How to choose a power supply for your PC

A guide to buying the best PSU for your computer

Ask any good computer technician what the most important component is in your PC and the likely answer will be the power supply (also known as the PSU, or power supply unit).

The PSU is designed to take an input voltage from mains power (here in Australia we use 240V) and then reduce and regulate the output to 12V or less, to power the components inside the PC. Looking at the power supply you will see a range of different plug connectors, designed to power such things as motherboards, hard drives, optical drives, and graphics cards.

Most manufacturers will give a power rating to their particular PSU models such as 500 Watt or 850 Watt. Most people tend to think that the power rating of the PSU is all they need to know, but this is not the case. There are very good quality high efficiency power supplies on the market, but, conversely, there are many poor quality PSUs on the market also. Some cheap and nasty PSUs are lucky to achieve a sustained output of half their claimed power rating, meaning that your new 500W PSU may indeed only be capable of 250W of continuous output. Certainly not enough to power your new high-end gaming system!

In an effort to rationalise the labelling of PSUs and to promote energy efficiency, industry leaders devised the 80 PLUS rating system as far back as 2004. The 80 PLUS idea created a list of efficiency specifications that a PSU model needed to achieve across a range of their rated power loads. Any PSU submitted for testing which was able to meet these requirements was then awarded an 80 PLUS rating and is allowed to advertise this certification, as well as use the 80 PLUS certified logo. In early 2008 the 80 PLUS standard was revised to cater for newer, more energy efficient models and the 80 PLUS Bronze, Silver and Gold categories were created. To this list was added the 80 PLUS Platinum certification in October 2009.

Below is a table for Internal Non-redundant Power Supplies and the efficiency rating required at 20% load 50% load and 100% load to achieve certification in one of the 80 PLUS categories.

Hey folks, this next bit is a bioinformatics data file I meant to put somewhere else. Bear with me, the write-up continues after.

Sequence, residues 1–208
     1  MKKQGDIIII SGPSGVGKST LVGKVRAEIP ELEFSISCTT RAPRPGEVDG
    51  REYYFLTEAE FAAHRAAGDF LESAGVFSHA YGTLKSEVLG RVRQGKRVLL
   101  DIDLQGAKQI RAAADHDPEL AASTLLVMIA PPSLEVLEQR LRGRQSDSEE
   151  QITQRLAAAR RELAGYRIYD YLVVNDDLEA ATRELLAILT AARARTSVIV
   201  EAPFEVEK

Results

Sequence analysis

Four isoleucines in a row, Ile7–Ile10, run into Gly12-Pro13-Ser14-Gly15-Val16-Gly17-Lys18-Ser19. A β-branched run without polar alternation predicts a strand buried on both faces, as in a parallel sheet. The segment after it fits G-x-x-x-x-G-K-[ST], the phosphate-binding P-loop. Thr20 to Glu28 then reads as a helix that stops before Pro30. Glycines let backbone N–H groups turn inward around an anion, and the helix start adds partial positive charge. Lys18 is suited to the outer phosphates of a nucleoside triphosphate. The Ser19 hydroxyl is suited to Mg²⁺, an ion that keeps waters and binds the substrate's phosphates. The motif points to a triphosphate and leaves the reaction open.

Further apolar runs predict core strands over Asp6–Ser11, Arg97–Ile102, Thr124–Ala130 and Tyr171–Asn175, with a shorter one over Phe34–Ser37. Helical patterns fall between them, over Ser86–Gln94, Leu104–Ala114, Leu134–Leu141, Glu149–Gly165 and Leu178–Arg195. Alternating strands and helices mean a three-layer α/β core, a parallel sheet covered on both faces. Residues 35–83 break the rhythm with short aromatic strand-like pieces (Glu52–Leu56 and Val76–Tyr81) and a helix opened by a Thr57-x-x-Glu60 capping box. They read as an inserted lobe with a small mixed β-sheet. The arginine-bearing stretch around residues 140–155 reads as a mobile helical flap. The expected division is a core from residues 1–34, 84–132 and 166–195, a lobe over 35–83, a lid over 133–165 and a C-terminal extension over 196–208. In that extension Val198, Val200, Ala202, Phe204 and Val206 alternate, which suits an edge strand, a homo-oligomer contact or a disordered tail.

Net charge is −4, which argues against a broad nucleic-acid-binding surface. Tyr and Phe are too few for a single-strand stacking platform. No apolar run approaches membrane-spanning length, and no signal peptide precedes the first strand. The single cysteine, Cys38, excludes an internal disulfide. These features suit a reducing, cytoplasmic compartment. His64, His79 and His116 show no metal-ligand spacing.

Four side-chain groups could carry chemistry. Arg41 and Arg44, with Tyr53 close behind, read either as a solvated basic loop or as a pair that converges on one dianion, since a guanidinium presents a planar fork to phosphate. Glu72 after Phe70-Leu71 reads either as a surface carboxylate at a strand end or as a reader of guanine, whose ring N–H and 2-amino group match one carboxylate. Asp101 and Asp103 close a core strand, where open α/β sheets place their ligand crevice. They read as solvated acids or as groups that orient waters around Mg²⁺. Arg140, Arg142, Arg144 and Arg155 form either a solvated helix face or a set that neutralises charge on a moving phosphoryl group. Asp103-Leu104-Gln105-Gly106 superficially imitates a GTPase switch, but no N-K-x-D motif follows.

Fraction of rated load20%50%100%
80 PLUS 80%80%80%
80 PLUS Bronze 82%85%82%
80 PLUS Silver 85%88%85%
80 PLUS Gold 87%90%87%
80 PLUS Platinum 90%92%89%

As you can see by this list, the most energy efficient Gold and Platinum rated PSUs are averaging close to or slightly above 90% of their rated output.

Some unscrupulous companies have used the 80 PLUS logos in their advertising or on the product packaging, when in fact their PSU has not been tested or certified. At DCA Computers we see such impostors on a regular basis. The eager vendor will put his hand on his heart and swear the unit has 80 PLUS certification while holding up a PSU that is adorned with a bright gold 80 PLUS sticker. Apart from the PSU being not much heavier than the cardboard carton it emerged from, it’s hard to tell the difference. When the PSU is fitted into a tower case, it then becomes a more challenging ruse. The only way to be absolutely sure that you are getting the genuine article is to check the validity of any certification claims by going to the following website. This site lists all manufacturers and models which have had certification status awarded to them. So far 2824 PSUs have been awarded 80 PLUS or higher certification, so there are definitely plenty of quality choices currently available on the market.

Tags pc componentspower supplies

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Glenn Howlett

PC World

9 Comments

Gordon Drennan

1

There are a number of errors in this article.

The writers says mains power is 240V in Australia. It is in fact 230V.

The writer says that a PSU with an 80% efficiency can only deliver 80% of its rated output. This is wrong. A PSU rated at 400W, but if it only has an 80% efficiency to do that it will have to draw 500W from the power point.

PC World should find someone who knows the subject better to write advice for its readers. Perhaps someone who isn't the manager of a retailer that benefits if customers buy higher spec'd and higher priced products than they actually need.

Pete

2

Gordon, Australia may well be a 230V country now, but mine and my friends places still put out 240V. What do you get at home? Either way, one of the things i looked for when buying a PSU is a 240V rating (not a 230V one).

Grant

3

You are mistaken Gordon. The domestic mains power supply in Australia is 240V AC, 50Hz. Any sparky knows this:
http://www.accesscomms.com.au/reference/powerplug.htm

As for your other comments. Well you are wrong again.

What do you think the 'Plus 80' system is all about? The writer is spot on. You need to check your facts before you burst into print.

Patrick

4

@Gordon... Everyone knows that Australian outlets are 240v, any electrician will tell you that to.

Ben

5

Gordon.

Don't you know that Australian outlets are 240v??

Gordan???

Hello?

Gordy...........

Back in your hole mate

Ben

6

I think the only error in this article may well just be the first comment

mattgenton

7

hi to all at www.pcworld.idg.com.au i thought i had sent this newyears eve but it didnt send so i have sent it again all the best for new year to every one
- matt-gent

mr tired

8

Gordon gordon grodon If you are in fact a MALE then you are an idiot. THIS IS SPARTA Know what thats from

Hello

Hells kitchen

Wheres my cat

wheres my dog

wheres my FACE

MT

9

Gordon is 100% correct on the efficiency aspect of the article. A simple look at Wikipedia will already give the correct definition of PSU efficiency. Try to claim a 500W 80% efficiency PSU can only supply 400W on any PC enthusiast website and you will have people laughing their heads off.

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